Starting at $36,550, the QX50's impressive engine adjusts its cylinder compression ratios from 8:1 and 14:1 on the fly. It can reduce fuel consumption and then deliver the power people expect from a luxury SUV all within 1.5 seconds. it's a fancy bit of engineering that you can watch in real time via the dashboard display.
An example of where it works best is entering the freeway. Coming off the on-ramp you want to be able to stomp on the accelerator to get up to speed with the rest of traffic. That's where the engine adjusts itself for power with 268 horsepower and 280 pound-feet of torque available. Once you're cruising along, it adjusts the compression of the engine to be less powerful, but more fuel efficient. The result is 24 miles-per-gallon in the city and 30 highway for the all-wheel-drive version of the QX50. In my driving tests, I averaged about 26 miles per gallon. A nice middle ground, but not as impressive as I had hoped and more in line with the fuel efficiency of the BMW X3 and Audi Q3. Both of which have 4-cylinder engines.
Hopefully, future iterations of this tech will be more efficient. Again, what Infiniti has done is outstanding from a technical perspective. In real-world tests, it's just not as impressive as I had hoped. Fingers crossed for a hybrid version in the future.
None of that should take away from the fact that the vehicle itself delivers as a luxury SUV. As a whole, the SUV market is brimming with vehicles that look a bit too similar. The QX50's sleek lines help it stand out from the pack with something that resembles flowing water moving down the highway instead of a box with smoothed out edges.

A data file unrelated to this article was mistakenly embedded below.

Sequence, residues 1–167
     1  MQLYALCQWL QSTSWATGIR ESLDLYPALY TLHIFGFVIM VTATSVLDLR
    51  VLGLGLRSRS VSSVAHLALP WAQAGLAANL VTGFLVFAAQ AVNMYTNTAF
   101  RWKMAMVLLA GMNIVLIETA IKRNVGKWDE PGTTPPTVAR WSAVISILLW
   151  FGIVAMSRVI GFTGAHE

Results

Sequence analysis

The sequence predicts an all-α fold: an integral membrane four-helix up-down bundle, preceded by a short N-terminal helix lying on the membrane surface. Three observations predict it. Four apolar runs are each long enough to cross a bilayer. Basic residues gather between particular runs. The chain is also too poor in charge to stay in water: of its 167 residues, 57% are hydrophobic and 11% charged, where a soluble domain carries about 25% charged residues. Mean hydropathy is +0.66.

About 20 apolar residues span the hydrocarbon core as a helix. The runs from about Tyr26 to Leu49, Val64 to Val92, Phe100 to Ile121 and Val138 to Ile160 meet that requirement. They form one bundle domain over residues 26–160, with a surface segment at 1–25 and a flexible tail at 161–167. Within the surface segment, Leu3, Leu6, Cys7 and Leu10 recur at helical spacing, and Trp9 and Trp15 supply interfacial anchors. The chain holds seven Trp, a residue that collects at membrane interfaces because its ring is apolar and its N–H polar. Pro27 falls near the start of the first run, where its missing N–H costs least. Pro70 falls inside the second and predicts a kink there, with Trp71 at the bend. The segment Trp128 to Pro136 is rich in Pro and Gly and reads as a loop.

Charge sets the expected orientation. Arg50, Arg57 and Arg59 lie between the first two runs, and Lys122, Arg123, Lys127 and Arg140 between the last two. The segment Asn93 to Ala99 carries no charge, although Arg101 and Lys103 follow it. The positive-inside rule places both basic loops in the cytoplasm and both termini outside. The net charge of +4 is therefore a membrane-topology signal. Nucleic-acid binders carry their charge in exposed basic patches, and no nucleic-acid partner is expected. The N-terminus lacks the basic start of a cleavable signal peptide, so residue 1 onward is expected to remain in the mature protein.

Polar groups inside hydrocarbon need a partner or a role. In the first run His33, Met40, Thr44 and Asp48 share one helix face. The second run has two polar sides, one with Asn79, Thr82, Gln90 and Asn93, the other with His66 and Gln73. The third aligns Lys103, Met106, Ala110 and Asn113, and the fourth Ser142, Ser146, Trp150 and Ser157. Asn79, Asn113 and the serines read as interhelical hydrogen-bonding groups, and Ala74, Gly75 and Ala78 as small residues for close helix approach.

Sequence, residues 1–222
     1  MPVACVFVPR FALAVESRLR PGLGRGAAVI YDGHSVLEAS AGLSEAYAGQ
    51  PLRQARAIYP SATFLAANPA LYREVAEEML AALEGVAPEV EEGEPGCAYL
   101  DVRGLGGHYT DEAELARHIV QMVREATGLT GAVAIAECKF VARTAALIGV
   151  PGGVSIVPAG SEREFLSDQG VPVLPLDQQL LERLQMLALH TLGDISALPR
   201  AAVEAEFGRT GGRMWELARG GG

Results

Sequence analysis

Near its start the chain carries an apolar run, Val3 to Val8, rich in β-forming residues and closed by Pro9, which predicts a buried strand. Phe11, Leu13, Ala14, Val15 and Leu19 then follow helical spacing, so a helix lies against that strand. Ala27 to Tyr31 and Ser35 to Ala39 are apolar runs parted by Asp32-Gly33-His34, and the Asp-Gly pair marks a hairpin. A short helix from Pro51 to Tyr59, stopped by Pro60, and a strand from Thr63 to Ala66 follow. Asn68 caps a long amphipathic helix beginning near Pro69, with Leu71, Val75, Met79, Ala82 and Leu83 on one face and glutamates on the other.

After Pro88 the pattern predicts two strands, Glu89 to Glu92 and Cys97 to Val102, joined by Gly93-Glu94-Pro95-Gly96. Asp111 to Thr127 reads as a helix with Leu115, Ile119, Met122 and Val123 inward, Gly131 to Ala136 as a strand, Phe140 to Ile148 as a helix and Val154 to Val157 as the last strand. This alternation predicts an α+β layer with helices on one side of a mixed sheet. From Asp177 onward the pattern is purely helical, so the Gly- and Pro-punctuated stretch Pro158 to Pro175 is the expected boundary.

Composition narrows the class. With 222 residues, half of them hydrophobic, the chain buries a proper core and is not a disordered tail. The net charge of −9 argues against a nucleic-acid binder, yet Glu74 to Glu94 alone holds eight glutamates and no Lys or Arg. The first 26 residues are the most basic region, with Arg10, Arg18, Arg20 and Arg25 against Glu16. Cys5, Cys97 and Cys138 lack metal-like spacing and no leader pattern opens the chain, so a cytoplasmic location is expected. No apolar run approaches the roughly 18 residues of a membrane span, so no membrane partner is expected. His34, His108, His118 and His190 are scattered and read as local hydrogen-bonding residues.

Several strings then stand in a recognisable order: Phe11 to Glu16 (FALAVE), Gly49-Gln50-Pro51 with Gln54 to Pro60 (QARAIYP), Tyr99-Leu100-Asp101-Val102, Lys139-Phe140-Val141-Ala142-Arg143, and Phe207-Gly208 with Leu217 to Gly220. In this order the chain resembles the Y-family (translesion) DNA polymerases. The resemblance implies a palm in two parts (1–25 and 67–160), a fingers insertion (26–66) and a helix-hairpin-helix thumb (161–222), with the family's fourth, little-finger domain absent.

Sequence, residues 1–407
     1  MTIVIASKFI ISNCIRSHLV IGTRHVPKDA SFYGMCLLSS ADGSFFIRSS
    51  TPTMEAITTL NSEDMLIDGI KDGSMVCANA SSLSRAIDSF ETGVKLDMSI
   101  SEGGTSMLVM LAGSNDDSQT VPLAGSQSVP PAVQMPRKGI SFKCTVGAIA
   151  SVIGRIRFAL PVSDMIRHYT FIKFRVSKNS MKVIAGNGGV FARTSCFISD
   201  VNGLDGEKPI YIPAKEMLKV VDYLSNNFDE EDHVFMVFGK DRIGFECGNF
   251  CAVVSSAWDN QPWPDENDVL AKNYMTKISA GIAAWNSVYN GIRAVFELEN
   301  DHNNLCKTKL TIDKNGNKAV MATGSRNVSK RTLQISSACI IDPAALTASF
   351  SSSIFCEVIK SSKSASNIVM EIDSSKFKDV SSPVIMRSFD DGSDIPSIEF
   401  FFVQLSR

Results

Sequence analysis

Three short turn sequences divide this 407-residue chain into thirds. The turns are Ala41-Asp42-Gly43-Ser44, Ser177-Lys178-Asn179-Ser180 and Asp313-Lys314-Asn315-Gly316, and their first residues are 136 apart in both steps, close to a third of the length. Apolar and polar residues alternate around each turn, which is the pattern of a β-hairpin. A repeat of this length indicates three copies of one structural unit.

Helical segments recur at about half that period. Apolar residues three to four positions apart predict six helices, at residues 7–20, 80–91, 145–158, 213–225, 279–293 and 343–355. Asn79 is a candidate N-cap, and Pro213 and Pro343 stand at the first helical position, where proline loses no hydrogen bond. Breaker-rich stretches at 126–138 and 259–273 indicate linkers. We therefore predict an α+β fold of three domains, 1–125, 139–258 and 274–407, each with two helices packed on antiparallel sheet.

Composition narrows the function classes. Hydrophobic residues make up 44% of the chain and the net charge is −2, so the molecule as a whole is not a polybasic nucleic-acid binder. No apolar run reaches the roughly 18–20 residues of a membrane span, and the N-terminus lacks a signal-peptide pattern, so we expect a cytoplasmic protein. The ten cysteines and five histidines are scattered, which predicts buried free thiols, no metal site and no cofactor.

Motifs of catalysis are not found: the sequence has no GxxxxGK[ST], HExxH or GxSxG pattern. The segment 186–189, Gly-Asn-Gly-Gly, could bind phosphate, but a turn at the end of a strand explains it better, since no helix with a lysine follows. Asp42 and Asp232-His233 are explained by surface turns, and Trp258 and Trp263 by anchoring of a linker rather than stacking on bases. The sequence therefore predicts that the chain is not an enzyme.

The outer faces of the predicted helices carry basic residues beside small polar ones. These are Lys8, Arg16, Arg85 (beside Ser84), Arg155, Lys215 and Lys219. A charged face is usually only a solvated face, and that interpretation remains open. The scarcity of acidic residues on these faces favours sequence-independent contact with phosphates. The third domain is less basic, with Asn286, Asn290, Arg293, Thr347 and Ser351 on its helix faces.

The interior of the QX50 is nearly as beautiful and many a passenger remarked how nice it was when they got in the car. Which is telling, considering how many different vehicles (including quite a few luxury ones) I ferry my friends around in. It's comfortable and luxurious without feeling too over the top.
The interior tech though, that's a different story. The infotainment system uses two displays -- the top one is for navigation while the bottom serves as the touchscreen control panel. First off, it doesn't support CarPlay or Android Auto -- a huge bummer. Secondly, the top display doesn't seem to have as high a resolution as the lower one which is just weird. Overall, the whole thing feels dated. Fortunately, Infiniti says it's working on a new infotainment system that'll arrive in 2021. So I look forward to trying that out.
One piece of tech that does impress is ProPilot Assistant. The QX50 is the first Infiniti to get the driver's assistance package from parent company Nissan. The combination of adaptive cruise control and lane-keep assistance continues to impress and on a luxury vehicle like this, it makes sense. It did a splendid job tracking lane markings and vehicles ahead of it. It was tripped up by sharper than usual turns on the highway, but that's pretty much on par with most other semi-autonomous systems out there right now.
The 2019 QX50 is a fantastic upgrade from Infiniti that's gotten a much-needed redesign. It looks about a thousand times better than its predecessor both inside and out. The powertrain (while not as fuel efficient as I hoped) is a good first start of something I hope will lead to more efficient engines and it drives the way you expect a small luxury SUV to drive, with confident purpose in most situations. The only real disappointment is the infotainment system not supporting CarPlay and Android Auto and being in need of a general refresh. Turns out even pretty things have their issues.